"Teaching well — to those who are likely to fail — is a precious gift."
- Doug Carnine
M.A. in Special Education, University of Oregon
Ph.D. in Educational Psychology, University of Utah
Douglas Carnine is a Professor of Education at the University of Oregon and is Director of the National Center to Improve the Tools of Educators. Professor Carnine is not an author of any beginning reading instructional programs and is not an employee of any publisher.
He was a National Science Foundation Fellow in Psychology as an undergraduate at the University of Illinois, where he graduated with distinction and Phi Beta Kappa in 1969. He completed his M.A. in Special Education at the University of Oregon in 1971, and his Ph.D. in Educational Psychology at the University of Utah in 1974. In 1981 he received the Ersted Award for outstanding teaching at the University of Oregon.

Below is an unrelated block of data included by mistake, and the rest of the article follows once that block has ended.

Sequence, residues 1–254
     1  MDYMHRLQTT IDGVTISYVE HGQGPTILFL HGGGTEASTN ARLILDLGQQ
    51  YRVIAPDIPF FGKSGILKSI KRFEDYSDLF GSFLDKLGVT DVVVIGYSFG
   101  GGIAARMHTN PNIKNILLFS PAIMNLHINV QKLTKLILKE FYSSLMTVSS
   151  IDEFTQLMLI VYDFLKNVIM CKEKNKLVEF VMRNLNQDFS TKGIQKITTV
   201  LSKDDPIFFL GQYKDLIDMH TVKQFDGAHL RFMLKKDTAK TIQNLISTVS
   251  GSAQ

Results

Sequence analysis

Dr. Carnine has directed or co-directed over 20 federally funded grants, totaling over $15,000,000. His current grants include BRIDGE with technology and the National Center to Improve the Tools of Educators or NCITE. NCITE works with publishers on incorporating research-based practices in educational tools and with legislative, state board, business, community, and union groups to understand the importance of research-based educational tools for diverse learners. Dr. Carnine has worked with these groups in California, Virginia, Washington, Texas, and New York. In Texas, Dr. Carnine works with the Governor's Business Council through which he has presented at two Texas Reading Summits, the Pre-summit on Reading, the meeting on Teacher Preparation, and has consulted on several other projects.
Dr. Carnine has over 100 scholarly publications:
He has presented at over a 100 conferences in the United States, Canada, South America, Europe, the former USSR, Africa, Australia, and New Zealand. He has served as consulting editor or editorial board member for eight journals.
Professor Carnine is an author of a developmental mathematics series, a remedial mathematics series, a U.S. history text, a computer networking system, and numerous CAI, ICAI, and videodisk programs.